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A peek at the 2012 Republican field

Presidential possibles, stimulus, highlight weekend's NGA for Republicans
From NBC's Domenico Montanaro
As
the nation's governors make their way to Washington this weekend for
the National Governors Association conference, it provides a look at
(1) Republicans who might make a run for president in 2012; and (2)
What these governors will do about stimulus money.
 
Several
have taken the ideological hard line that they will reject the funds --
though it's unclear they actually have final authority to do so (their
legislatures do in most states). Some have said they will take the
funds despite opposition to the bill. And yet others have embraced the
funds from the beginning -- even lobbying for the federal government's
help as their states face budget crises at home.
 
The NGA will
be a showcase for Republican governors possibly considering a run for
president in 2012 and beyond. The likelihood that the next Republican
nominee for president will be in Washington this weekend is pretty
high.
 
One notable absence will be Sarah Palin, who is still
on the schedule to host a panel on natural resources. "It looks as
though the Governor is not attending the NGA," Meghan Stapleton told
First Read in an e-mail.
 
Palin seems to be entirely trying to
avoid the Beltway limelight -- she's not attending the conservative
polical action conference, or CPAC, either. Her state is facing budget
issues, and the Alaska chief executive is also having to deal with
revelations that she must pay income taxes for per diem expenses for
days she spent at her Wasilla home.
Palin's absence provides an opportunity, most notably, for 2012 (or beyond) possibility Bobby Jindal, the 37-year-old wunderkind Louisiana governor. (If Jindal ran in 2012, he'd still be younger than Barack Obama when he launched his bid.)

Jindal is highly regarded for his competence in a state that is, well, not exactly known for a whole lot of it at the managerial level. Jindal has been coy about whether he'd run in 2012, as he is up for re-election at his current job in 2011. But Jindal's 2008 multimillion-dollar padding of his coffers is raising suspicions that he's gearing up for something.
 
Because of Jindal's age, though, he has the luxury of sitting back and watching Obama's approval rating. If that thing is anywhere above 50 percent, Jindal will likely sit it out in 2012, but you'd be playing with house money betting on him for the nomination in eight years. Without spotlight-magnet Palin, expect Jindal to get all the "Is he the future of the party?" coverage. Remember, he gets the prime spot on Tuesday, delivering the Republican response to President Obama's address to Congress and appears on Meet the Press Sunday, a place quite a few presidential wannabes have begun their invisible campaigns.
 
Others to watch: Florida's Charlie Crist, Minnesota's Tim Pawlenty and South Carolina's Mark Sanford.
 
An interesting drama to watch is what has unfolded between Crist and Sanford over the stimulus bill.
 
The stimulus has shaped up to be a Republican litmus test of sorts. If you're a real Republican, you're against it -- simple as that. In other words, if you want to run in -- and win -- a primary in 2010 (maybe 2012), you'd better oppose it.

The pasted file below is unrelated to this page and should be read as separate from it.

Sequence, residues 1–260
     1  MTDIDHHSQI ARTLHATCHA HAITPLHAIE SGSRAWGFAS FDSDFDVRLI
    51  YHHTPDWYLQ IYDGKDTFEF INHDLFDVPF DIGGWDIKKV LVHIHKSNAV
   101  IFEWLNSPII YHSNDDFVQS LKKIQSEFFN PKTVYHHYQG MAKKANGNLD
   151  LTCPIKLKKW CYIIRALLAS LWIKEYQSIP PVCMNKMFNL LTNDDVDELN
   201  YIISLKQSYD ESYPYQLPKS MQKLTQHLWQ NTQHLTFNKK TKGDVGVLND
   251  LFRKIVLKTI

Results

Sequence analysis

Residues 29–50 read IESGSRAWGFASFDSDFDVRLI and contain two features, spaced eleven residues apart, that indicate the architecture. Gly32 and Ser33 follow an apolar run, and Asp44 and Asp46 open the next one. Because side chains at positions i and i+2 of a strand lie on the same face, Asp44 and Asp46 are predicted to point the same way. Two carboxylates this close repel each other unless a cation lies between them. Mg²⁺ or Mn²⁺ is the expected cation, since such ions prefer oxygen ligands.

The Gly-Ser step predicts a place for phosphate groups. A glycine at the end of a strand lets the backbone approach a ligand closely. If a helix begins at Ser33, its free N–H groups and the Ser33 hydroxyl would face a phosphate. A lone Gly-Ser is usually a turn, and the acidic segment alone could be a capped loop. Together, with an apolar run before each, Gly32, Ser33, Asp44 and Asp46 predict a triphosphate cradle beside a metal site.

While Jindal, Palin, Mississippi's Haley Barbour, Texas' Rick Perry and Mark Sanford have said they wouldn't take stimulus money -- Perry and Sanford have since backed down slightly on that -- Crist has taken the opposite tack. California's Arnold Schwarzenegger and Vermont's Jim Douglas have also expressed support for it. Schwarzenegger even unabashedly wrote a letter to Obama in early January lobbying him for a "substantial federal stimulus program," as his state is facing a near-budget crisis.
 
Crist -- the moderate Floridian -- went so far in his support of the bill as to introduce President Obama at a Ft. Myers, Fla., event where he was stumping for the stimulus. That prompted a sharp rebuke from Sanford, who doubles as chairman of the Republican Governors Association.
 
"I don't think that a lot of people down here would call him a fiscal conservative," Sanford said Feb. 15th. "He may be a good guy, and I've pleasantly enjoyed knowing him through the governorship. But that he's some stalwart fiscal conservative is, I think, at odds with the record."
 
I wonder what the temperature will be like when Sanford and Crist pass in the hall this weekend.
 
Democrats to watch (in alphabetical order):
-- Phil Bredesen (D-Tenn.): Was lobbying for HHS Secretary, but after his name was floated and liberal groups protested, his name faded.
-- Jon Corzine (D-N.J.): In a tough 2010 re-election race -- polls show him trailing. Was considered for Treasury Secretary. But with his poll numbers what they are, is he a potential Commerce pick? His Goldman Sachs image (and house that's up for rent in the Hamptons for the summer at $900,000) has hurt his chances in this climate of populist outrage.
--  David Paterson (D-N.Y.): In big trouble in New York politics after his handling of the Hillary Clinton Senate replacement. His poll numbers have plummeted, and he will be fighting for political survival in 2010.
-- Pat Quinn (D-Ill.): His first time out at a national event since replacing the impeached Rod Blagojevich. He has asked that Roland Burris resign.
-- Ed Rendell (D-Pa.): Has been mentioned for several cabinet posts. Could Commerce, HHS come knocking?
-- Kathleen Sebelius (D-Kan.): Has emerged on the short list for HHS Secretary.